Rex Allen wrote:
> On Mon, Aug 31, 2009 at 4:01 PM, Brent Meeker<meeke...@dslextreme.com> wrote:
>> Where are you trying to get?  to an immortal soul?
>> a ghost-in-the-machine?  What's wrong with my
>> mind is what my brain does?
> 
> Where I'm trying to get is that there is no explanation for our
> conscious experience.  It just is.

Depends on what you want an explanation in terms of.

> 
> So all that we have to work with are our observations, plus our innate
> reasoning processes.
> 
> Unfortunately, these two things are not enough to determine what, if
> anything, really exists outside of our experience.
> 
> At best, we can take our observations and apply our innate reasoning
> processes to produce theoretical models that are consistent with what
> we have observed.

Right.  Forget the really real and I'll settle for a good model.

> 
> Kant covered all this I think.
> 
> So first, the theories on offer, carried to their logical conclusions,
> don't take you anywhere.  They all hit explanatory dead ends:  

Unless (my favorite) they're circular.


>The
> universe came into being uncaused, for no reason, and everything else
> follows.  Or the universe exists eternally, but with no explanation
> for why this should be or why it takes the form that it does.  Or the
> platonically existing infinities of computational relations between
> all the numbers do not just represent but inexplicably "cause" our
> conscious experience of a material universe.  Why?  Because that's the
> way it is.
> 
> Second, even if any of these things are true, there's no way that
> *from inside that system* we can justify our belief that the theory is
> true (as opposed to just consistent with conscious observation).
> 
> And third, even if true, the bottom line for all of them is,
> "conscious experience just is what it is".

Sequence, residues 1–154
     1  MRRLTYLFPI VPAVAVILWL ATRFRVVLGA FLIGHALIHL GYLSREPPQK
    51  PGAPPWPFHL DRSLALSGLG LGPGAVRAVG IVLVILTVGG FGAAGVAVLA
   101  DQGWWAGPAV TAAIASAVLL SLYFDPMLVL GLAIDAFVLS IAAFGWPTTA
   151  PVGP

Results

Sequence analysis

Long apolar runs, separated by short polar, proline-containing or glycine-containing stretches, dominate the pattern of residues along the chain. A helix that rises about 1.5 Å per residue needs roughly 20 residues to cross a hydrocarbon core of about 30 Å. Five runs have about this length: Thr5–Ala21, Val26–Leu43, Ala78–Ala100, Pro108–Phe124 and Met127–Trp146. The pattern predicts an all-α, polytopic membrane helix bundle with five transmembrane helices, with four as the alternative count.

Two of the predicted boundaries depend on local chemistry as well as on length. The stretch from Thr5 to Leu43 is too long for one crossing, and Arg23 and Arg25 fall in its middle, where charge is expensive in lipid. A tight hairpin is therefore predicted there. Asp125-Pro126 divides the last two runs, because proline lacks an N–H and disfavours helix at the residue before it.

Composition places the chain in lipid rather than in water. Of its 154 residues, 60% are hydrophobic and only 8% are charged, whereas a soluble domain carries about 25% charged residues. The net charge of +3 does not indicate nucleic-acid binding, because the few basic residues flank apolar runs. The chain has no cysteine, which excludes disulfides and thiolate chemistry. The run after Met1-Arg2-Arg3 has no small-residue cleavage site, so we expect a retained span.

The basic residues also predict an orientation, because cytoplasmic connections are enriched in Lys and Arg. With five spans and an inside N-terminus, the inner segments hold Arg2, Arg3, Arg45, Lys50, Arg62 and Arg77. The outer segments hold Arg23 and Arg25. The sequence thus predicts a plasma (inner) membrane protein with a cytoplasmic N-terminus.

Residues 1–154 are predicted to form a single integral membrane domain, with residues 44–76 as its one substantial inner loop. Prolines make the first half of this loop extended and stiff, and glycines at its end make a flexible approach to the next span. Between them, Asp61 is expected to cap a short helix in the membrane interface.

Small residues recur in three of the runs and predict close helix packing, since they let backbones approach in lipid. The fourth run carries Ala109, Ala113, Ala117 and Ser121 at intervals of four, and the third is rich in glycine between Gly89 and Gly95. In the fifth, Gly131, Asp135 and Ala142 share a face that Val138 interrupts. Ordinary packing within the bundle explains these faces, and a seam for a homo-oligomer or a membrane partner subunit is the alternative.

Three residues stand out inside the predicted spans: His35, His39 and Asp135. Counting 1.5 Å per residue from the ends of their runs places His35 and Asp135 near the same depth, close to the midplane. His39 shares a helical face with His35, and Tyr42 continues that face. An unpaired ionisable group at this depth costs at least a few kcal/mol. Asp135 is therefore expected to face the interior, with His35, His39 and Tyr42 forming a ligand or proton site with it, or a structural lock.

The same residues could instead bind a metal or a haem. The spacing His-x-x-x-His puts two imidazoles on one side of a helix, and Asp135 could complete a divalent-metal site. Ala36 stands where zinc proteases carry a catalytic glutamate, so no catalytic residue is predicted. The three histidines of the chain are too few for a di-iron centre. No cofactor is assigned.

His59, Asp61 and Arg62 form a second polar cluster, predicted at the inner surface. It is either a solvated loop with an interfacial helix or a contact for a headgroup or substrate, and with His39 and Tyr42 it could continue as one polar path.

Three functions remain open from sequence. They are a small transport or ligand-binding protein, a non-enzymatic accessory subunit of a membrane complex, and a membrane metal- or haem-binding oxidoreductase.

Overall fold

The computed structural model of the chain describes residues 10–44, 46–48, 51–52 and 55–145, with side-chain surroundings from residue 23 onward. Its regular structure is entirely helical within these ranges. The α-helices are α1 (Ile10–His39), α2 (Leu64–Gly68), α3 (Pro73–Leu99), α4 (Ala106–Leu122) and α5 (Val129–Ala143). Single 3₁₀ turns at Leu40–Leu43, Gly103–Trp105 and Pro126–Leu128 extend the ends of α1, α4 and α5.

The problem with that is that is applies equally to everything.  So it's 
completely devoid 
of meaning.

> 
> For instance:  Bits of matter in particular configurations "cause"
> conscious experience.  Fine.  So what deeper meaning can we draw from
> this?  None.  

Maybe not meaning, but engineering.  That's why I think the "hard problem" will 
eventually 
be considered a philosophical curiosity like how many angels can dance on the 
head of a 
pin.  If we learn to build machines, robots, artificial brains, that behave as 
if they 
were conscious we'll stop worrying about perceptual qualia and phenomenal 
self-reference 
and instead we'll talk about visual processing and memory access and other new 
concepts 
that'll be invented.

>In this case the bits of matter being in the particular
> configurations that they are in is just a bare fact.  The universe,
> considered in its entirety, just is that way.  So the conscious
> experience that goes with that particle configuration just is a bare
> fact.
> 
> But, by all means, continue with your theoretical system building.  We
> have to do something to pass the time, after all.
> 
> But, to revisit your original question:
> 
>> Where are you trying to get?
> 
> Okay, I gave you my answer.  So, where are YOU trying to get?
> 
> 
>>>> "If you make yourself small enough you can avoid responsibility for 
>>>> everything."
>>>>        --- Daniel Dennett, in Elbow Room
>>> Every word in your quote, except "for", has to be considered in the
>>> context of Dennett's special terminology.
>> Seems prefectly straightforward to me.  If you define yourself as something 
>> apart from the
>> physical processes that move your arms and legs then you avoid 
>> responsibility for what
>> your arms and legs do.
> 
> Right.  "If you define yourself as...".  Well sure.  That makes it
> easy, and that's what Dennett does.  Just makes up arbitrary
> definitions that suit his ends.

On the contrary he was criticizing that way of defining yourself.  And of 
course 
definitions of words are arbitrary - we just chose the words.

> 
> If things were that way, that's the way they'd be alright.
> 
> But, the question is, are things that way?  And if you say so, what's
> your full reasoning?  

You're the one who keeps saying it is what it is.

Brent


>I mean your reasoning that takes into account
> the entire ontological stack of what exists, of course -- since I
> don't see any discussing an arbitrary subset of what exists that
> you've conveniently carved out to make some rhetorical point about
> what seems perfectly straightforward to you given some particular
> context.

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